This book may be entertaining for someone who likes gossip so much, because here you can get to know all the juicy events that happened in the youth and life of four women who were best friends and thought they were absolutely amazing and called themselves the Ya-Yas.

So, this story starts when a Petite Ya-Ya, that's how the Ya-Yas called their daughters, (not so petite anymore) let escape in an interview with the New York Times that her mother, the awesome Vivi, used to hit her. Vivi becomes so...more
ilaria
Capitoli 1-4

Sono appena appena agli inizi, solo circa 40 pagine lette, ma ho incominciato a inquadrare ambienti e personaggi.
La personalità di Vivi è sicuramente molto molto forte e predominante sulla figlia (devo riconoscere che sembra quasi il mio caso... ma chi non cerca l'approvazione di chi ama?), mentre Sidda, quarantenne in carriera, brava nel suo lavoro, si trova un pochino in difficoltà nei rapporti interpersonali. Bè, il suo scontro con la madre non è proprio tutto farina del suo sacco...more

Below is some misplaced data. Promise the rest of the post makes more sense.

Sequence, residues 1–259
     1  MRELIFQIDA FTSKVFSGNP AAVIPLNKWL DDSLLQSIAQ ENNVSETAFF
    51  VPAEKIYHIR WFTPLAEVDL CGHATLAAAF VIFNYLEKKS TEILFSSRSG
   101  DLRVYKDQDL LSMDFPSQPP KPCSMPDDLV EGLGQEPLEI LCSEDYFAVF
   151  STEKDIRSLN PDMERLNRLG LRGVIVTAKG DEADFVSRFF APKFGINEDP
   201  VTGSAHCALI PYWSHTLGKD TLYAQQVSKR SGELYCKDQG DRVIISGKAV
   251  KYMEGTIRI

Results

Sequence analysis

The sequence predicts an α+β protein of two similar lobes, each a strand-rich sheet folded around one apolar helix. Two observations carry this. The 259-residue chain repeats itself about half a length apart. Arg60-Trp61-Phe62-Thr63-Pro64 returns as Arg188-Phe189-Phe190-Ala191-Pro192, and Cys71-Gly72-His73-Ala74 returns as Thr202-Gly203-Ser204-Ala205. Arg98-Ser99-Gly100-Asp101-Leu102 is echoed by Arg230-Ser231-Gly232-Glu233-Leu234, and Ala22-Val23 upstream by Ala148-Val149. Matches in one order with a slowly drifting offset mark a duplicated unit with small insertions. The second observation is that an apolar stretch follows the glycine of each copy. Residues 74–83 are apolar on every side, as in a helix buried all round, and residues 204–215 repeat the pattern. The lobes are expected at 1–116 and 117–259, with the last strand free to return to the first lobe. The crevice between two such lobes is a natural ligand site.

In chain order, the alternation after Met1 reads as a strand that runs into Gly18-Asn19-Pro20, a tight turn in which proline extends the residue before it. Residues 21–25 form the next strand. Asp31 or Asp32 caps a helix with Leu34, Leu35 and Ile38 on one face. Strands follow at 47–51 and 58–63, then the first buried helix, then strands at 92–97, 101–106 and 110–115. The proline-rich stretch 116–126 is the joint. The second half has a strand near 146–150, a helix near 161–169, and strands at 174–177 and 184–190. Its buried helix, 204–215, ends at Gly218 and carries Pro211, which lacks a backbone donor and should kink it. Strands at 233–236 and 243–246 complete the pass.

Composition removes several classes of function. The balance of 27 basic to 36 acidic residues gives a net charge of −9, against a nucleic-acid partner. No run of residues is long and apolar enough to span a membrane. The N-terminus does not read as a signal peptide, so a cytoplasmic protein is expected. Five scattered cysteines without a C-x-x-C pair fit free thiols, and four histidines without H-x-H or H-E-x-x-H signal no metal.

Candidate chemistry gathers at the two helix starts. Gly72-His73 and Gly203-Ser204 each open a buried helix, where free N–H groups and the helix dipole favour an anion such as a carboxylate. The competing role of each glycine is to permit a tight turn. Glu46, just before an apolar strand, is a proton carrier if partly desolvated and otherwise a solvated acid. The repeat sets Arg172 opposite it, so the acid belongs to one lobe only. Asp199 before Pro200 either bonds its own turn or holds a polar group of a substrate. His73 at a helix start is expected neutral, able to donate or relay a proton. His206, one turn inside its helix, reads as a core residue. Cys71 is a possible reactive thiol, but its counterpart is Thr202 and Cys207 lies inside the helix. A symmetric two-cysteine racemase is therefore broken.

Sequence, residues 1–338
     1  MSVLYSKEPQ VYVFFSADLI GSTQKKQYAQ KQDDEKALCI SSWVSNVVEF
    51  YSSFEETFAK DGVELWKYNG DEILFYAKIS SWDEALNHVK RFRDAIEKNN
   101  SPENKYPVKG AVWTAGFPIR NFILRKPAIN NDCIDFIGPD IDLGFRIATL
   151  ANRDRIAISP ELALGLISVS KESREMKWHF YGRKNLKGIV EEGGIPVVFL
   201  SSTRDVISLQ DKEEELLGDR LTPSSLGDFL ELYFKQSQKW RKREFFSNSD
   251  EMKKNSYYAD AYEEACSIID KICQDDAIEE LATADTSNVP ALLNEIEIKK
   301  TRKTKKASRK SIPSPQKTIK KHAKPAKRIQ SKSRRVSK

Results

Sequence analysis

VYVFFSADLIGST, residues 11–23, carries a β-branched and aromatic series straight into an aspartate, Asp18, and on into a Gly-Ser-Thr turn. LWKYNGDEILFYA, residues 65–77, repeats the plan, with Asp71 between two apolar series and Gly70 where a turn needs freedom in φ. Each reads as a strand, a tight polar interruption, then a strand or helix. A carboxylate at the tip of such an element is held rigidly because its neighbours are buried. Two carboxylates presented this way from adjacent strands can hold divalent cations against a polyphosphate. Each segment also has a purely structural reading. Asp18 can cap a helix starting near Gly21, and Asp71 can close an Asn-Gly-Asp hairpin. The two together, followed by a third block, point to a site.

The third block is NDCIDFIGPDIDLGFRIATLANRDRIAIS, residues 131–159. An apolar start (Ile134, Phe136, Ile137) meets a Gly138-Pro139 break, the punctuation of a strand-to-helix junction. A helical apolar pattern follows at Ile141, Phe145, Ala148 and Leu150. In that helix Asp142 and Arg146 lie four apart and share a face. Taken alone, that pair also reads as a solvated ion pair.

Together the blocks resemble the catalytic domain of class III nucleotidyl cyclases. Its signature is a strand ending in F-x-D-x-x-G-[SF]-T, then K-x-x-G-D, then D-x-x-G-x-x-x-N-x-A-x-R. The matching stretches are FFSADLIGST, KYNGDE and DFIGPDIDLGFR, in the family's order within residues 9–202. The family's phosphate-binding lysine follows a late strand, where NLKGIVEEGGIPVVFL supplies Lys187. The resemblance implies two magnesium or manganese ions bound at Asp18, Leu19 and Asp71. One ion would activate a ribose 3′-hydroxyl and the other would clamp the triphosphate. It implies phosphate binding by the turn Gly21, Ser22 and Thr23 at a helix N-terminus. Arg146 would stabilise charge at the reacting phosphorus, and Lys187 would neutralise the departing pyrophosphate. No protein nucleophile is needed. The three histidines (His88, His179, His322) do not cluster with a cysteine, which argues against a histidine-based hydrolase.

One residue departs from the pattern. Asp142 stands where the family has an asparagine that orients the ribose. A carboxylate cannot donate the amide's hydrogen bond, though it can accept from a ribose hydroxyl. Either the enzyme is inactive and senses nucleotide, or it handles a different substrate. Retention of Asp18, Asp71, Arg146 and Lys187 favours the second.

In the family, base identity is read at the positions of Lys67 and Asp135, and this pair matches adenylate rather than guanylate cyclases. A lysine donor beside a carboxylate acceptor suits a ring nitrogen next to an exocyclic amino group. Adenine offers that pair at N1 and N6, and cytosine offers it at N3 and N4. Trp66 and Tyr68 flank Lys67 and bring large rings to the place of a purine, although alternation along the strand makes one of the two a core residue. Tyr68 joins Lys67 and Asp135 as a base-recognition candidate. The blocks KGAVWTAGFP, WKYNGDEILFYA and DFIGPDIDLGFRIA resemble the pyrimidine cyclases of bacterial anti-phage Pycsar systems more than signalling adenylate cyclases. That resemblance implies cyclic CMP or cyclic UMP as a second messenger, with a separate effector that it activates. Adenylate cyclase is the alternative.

Alissa
I would give this book a PG-13 rating for language and a couple crude scenes- which were mild, but suggestive.

The entire book discuss' in detail the importance of few key character relationships. Getting to the MAIN relationship, in my opionion, and setting up the climax of the book is what took a while. About half way through it really hit home and I felt deeply connected to the story(s), and the characters. Eventhough, I was raised in a very different way, I felt that I could empathize and re...more
David